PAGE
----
Question for my new Flash

Discussion in 'Photography Beginners' Forum' started by CAG76, May 30, 2009.

  1. CAG76

    CAG76 TPF Noob!

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    Ok first of all I don't know much of anything about external speed flashes, but I am excited to learn. I do have some photography books that I am going to read, but one quick question for anyone out there with experience who just might know.

    Ok here it is. First of all I have a Canon Rebel XSi and bought a Canon Speedlight 430EX II. When I put it on the Hi Speed mode and when I hold my shutter button down, for 6 shots in one burst. It fired shots one and two. It did not fire on three and four, then it fired on five. Then did not fire on six.

    I have trouble believing there is some kind of defect because everything else is working great or appears to be. Any help would be great! Also if anyone has any tips and any examples to show of some good flash photography... that would be great too. Would like to see what others have done and how they've used speedlights.

    -Christopher
     
  2. dxqcanada

    dxqcanada Been spending a lot of time on here!

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    The flash can only keep up to the motor drive if it has sufficient power in it's capacitor to produce the required output ...
    If the required flash power output is small then it may keep up with the drive.

    I believe that the High Speed mode on the Canon flash refers to the Sync Speed ... ie high shutter speed.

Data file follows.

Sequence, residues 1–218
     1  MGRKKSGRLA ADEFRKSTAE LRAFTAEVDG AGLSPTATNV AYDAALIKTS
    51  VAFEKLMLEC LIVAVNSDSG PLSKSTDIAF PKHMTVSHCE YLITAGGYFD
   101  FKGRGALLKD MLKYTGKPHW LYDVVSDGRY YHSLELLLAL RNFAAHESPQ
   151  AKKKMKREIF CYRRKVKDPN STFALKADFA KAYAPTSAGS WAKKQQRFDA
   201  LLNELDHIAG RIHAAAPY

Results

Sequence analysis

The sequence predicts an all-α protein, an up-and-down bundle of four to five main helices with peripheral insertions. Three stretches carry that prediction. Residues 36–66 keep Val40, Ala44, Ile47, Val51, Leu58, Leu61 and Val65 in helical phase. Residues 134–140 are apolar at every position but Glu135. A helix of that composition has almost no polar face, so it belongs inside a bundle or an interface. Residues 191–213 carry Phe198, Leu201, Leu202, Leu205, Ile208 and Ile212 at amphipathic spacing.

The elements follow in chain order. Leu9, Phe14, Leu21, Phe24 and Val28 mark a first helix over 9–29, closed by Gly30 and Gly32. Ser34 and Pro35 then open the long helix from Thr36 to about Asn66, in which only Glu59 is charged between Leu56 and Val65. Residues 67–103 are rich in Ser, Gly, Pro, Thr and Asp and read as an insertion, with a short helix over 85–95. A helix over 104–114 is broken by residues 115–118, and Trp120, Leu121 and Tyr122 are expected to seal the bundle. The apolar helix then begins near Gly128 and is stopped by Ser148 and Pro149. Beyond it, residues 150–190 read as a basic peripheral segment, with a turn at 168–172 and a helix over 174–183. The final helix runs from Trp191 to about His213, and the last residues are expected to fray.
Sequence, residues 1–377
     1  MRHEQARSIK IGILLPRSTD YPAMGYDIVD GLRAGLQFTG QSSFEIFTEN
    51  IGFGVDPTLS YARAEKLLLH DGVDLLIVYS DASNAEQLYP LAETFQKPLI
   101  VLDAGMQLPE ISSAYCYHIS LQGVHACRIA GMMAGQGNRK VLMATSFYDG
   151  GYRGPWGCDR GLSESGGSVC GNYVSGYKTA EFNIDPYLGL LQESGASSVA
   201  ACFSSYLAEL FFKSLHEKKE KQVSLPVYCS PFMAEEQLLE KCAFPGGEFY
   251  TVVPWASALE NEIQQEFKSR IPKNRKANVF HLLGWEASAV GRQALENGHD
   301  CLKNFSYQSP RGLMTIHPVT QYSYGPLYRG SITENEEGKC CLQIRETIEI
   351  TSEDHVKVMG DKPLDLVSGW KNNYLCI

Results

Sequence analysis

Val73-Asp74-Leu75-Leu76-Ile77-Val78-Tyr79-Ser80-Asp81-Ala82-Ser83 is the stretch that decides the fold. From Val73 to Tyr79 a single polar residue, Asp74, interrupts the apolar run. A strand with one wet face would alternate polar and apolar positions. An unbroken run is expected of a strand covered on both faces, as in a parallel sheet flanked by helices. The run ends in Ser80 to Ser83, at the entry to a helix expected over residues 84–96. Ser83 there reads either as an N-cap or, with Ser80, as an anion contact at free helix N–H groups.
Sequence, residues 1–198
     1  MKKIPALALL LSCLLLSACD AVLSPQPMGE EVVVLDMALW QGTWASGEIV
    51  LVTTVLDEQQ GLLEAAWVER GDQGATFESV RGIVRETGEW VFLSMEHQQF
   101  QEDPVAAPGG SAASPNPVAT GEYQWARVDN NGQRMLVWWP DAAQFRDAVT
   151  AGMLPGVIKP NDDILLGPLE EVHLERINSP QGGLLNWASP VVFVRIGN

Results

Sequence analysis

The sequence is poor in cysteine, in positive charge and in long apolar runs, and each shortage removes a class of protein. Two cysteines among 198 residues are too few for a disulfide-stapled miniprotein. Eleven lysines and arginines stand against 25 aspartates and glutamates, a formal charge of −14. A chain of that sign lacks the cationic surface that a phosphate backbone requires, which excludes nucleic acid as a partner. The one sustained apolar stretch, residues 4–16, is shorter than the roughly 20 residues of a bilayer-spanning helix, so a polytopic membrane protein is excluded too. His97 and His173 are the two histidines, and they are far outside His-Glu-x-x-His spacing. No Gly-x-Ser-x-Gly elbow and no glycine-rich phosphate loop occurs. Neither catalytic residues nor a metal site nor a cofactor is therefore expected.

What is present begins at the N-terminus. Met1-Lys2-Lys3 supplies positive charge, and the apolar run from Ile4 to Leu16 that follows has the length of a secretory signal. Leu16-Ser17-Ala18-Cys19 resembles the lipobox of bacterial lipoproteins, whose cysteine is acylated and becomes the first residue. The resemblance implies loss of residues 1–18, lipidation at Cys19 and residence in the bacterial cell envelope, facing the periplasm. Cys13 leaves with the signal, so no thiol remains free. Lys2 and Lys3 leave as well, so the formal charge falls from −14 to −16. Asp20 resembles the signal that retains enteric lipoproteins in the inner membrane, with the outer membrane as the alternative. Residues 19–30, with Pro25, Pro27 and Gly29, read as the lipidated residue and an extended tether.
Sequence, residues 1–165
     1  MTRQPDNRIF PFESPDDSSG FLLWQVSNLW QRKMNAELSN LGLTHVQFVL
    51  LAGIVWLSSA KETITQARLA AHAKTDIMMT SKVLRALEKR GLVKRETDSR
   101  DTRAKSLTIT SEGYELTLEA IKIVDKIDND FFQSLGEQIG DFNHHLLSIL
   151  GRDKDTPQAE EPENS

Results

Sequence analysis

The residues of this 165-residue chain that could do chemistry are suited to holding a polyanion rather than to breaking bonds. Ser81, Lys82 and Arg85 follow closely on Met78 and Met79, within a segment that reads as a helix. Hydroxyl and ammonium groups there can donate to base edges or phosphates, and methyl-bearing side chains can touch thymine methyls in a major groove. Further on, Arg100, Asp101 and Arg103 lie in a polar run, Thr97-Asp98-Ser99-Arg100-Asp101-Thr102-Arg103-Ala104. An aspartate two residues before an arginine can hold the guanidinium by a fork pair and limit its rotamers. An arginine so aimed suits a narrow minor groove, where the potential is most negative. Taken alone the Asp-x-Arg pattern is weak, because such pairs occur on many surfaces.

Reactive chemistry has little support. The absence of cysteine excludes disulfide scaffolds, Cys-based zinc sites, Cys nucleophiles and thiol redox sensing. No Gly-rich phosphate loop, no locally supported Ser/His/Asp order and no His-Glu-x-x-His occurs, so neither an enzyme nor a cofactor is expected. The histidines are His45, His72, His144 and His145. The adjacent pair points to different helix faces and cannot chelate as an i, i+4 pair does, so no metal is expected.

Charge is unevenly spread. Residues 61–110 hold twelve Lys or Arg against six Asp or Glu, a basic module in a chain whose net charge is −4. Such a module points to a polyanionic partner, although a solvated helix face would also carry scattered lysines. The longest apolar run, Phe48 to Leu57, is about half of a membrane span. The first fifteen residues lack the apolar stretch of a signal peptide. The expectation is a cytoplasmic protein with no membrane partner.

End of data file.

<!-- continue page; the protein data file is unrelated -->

3. ANDS!

    ANDS! No longer a newbie, moving up!

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    You cannot fire full capacity or near full capacity and have the flash recycle fast enough to keep shooting. Shoot at like 1/8th or 1/16th power and your flash will recycle fast enough to keep up with your shooting.
     
  4. CAG76

    CAG76 TPF Noob!

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    Thanks! This is helpful! Perhaps there are ways to adjust this Sync Speed? I still have yet to read all of my flash instructions too so I will be doing that.
     
  5. CAG76

    CAG76 TPF Noob!

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    Thats a good tip too ANDS. Now I need to read up and figure how to change the shooting power.
     
  6. Samanax

    Samanax TPF Noob!

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    Did you read the 430EX II owner's manual yet? If not, you should. And read the XSi owner's manual regarding use of flash and sync speed.
     
  7. Dao

    Dao No longer a newbie, moving up!

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    Yes, pretty much what ANDS said. The flash recycling time varies with the power. Full power or 1/32 (not sure how low it can go since I do not own this flash) yield different recycling time.

    Here is the spec from Canon

    Recycling Time
    Approx. 0.1 to 3.7 seconds (AA-size Alkaline Batteries)/0.1 to 2 seconds (AA-size Ni-MH batteries)

    So battery type also affect the recycling time. A fully charged Ni-MH batteries will have a faster recycling time as well.

    I do not think anything wrong with the flash. It just that it is the limitation of the flash (of flashes in general) regarding recycling time.
     
  8. CAG76

    CAG76 TPF Noob!